1. Both North Dakota and Wyoming moved up five places in the state rankings, from No. 7 and No. 8 before adjusting for taxes and cost-of-living, to No. 2 and No. 3 after adjusting for both factors. Even though personal taxes paid as a share of pre-tax, per-capita personal income are higher in North Dakota (12.71%) and Wyoming (12.87%) than the US average of 10.95% in 2013, the lower-than-average cost-of-living in those two states moved them up five places to rank as the country’s two highest-income states (not counting DC).
Similarly, South Dakota moved up 16 places in the rankings from No. 20 to No. 4 due to a combination of being a low cost-of-living state (12.4% below the national average) and the state with the third lowest personal tax rate (8.63% of pre-tax, per-capita personal income). Iowa and Kansas moved up 16 places in the state rankings after adjusting per-capita personal income for taxes and living costs (from No. 24 and No. 25 to No. 8 and 9), due to a combination of a below-average tax burden for both states, and a cost-of-living in each state almost 10% below the national average.
2. As expected, the states that moved down the most in the rankings were high-tax, high cost-of-living states like California (fourth highest tax burden, fifth highest cost-of-living), which moved down 25 places from No. 12 to No. 37, New York (second highest tax burden, third highest cost-of-living), which moved down 24 places from No. 5 to No. 29, and New Jersey (fifth highest tax burden, fourth highest cost-of-living), which moved down 12 places from No. 4 to No. 16.
Bottom Line: Personal taxes and cost-of-living differences vary widely among US states. To emphasize and expand on a point made by The Tax Foundation, adjusting state per-capita personal incomes for both differences in taxes and price levels can substantially change our perceptions of which states are poor or rich. And those perceptions change the most for high tax, high cost-of-living states like California, which goes from being in the top 25% of America’s states by pre-tax, per-capita personal income, to being in the bottom 25% of US states (and below Alabama and Arkansas) after adjusting for the state’s high tax burden and high cost-of-living. Likewise, New York drops from being America’s fifth highest-income state before adjusting for taxes and cost-of-living to being in the bottom half of states (and below Texas, Louisiana and Tennessee) on an after-tax, cost-of-living adjusted basis. On the other hand, a state like South Dakota that appears average based on pre-tax, per-capita personal income rises to become America’s fourth highest-income state after adjusting for taxes and cost-of-living.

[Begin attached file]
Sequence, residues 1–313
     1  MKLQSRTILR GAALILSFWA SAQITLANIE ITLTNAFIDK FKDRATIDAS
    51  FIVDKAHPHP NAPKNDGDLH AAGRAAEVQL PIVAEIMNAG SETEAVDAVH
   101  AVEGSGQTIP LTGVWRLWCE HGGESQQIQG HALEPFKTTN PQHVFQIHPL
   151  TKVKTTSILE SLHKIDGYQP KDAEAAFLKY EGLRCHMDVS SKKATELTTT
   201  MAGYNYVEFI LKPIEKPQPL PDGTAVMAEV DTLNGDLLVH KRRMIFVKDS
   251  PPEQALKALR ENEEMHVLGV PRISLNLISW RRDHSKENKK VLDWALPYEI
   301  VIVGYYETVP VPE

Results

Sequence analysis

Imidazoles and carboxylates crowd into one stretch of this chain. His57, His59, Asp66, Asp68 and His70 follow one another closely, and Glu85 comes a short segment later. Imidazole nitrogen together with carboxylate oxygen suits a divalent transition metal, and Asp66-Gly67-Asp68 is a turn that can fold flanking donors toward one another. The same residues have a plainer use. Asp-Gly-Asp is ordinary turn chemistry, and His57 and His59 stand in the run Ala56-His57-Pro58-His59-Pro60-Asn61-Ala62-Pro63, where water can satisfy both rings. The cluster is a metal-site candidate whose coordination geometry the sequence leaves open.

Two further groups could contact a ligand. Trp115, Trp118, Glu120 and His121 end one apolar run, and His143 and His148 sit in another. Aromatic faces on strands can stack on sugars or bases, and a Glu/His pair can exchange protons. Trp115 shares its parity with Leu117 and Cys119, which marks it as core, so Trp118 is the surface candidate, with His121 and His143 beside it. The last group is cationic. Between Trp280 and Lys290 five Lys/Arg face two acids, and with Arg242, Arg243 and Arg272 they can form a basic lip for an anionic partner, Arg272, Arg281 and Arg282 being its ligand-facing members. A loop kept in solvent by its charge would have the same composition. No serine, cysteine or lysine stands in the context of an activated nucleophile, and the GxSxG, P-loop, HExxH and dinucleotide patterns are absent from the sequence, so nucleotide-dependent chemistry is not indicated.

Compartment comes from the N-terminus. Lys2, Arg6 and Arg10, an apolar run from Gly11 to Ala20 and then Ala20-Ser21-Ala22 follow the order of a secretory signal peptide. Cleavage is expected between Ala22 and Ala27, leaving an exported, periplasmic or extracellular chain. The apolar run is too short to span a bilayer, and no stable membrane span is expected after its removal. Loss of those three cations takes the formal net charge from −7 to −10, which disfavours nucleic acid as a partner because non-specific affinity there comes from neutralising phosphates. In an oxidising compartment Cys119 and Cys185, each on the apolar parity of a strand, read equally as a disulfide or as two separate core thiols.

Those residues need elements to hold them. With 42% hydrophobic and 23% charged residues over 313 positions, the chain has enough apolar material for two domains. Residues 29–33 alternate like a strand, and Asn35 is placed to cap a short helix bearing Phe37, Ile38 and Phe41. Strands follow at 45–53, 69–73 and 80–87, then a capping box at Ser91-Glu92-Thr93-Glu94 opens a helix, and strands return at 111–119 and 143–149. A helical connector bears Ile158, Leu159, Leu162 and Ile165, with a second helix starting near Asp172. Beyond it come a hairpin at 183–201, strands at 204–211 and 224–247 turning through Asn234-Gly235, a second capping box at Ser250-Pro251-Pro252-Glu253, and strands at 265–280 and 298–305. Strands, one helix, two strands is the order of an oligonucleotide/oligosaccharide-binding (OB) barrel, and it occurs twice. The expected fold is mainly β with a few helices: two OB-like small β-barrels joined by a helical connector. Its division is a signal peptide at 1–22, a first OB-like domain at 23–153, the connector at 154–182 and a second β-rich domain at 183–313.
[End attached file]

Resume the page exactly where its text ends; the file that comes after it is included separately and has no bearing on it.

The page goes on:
Finally, in regard to the significant differences in regional costs-of-living discussed above, it’s an important factor that policymakers frequently overlook when proposing legislation like a uniform, once-size-fits-
all–none $10.10 per hour national minimum wage. In fact, regional differences in purchasing power make a national minimum wage unworkable for low-wage, low-cost communities, as my AEI colleague Andrew Biggs and I argued last year in our article “A National Minimum Wage Is a Bad Fit for Low-Cost Communities.” Here’s our conclusion:
Even proponents of the minimum wage would have to concede that a universally applied minimum wage, without any adjustments for the significant differences in the cost of living across the country, has to have disproportionate effects by location. And proponents have to also agree that a minimum wage of $10.10 per hour will be far too high for low-cost rural areas, and will have adverse effects on low-skilled workers in those communities, even if low-skilled workers in high-cost, high-wage communities are relatively unaffected.
Before raising the minimum wage to $10.10 per hour, we should carefully consider the long-lasting damage that will be inflicted on thousands of America’s low-wage, low-cost communities from that “one-size-fits-all” national minimum wage.